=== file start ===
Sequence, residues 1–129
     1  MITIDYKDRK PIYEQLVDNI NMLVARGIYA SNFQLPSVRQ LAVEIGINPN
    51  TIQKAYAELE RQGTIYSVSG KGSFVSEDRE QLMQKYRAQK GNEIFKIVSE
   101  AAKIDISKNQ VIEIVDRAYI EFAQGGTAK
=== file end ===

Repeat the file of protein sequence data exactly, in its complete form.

Sequence, residues 1–129
     1  MITIDYKDRK PIYEQLVDNI NMLVARGIYA SNFQLPSVRQ LAVEIGINPN
    51  TIQKAYAELE RQGTIYSVSG KGSFVSEDRE QLMQKYRAQK GNEIFKIVSE
   101  AAKIDISKNQ VIEIVDRAYI EFAQGGTAK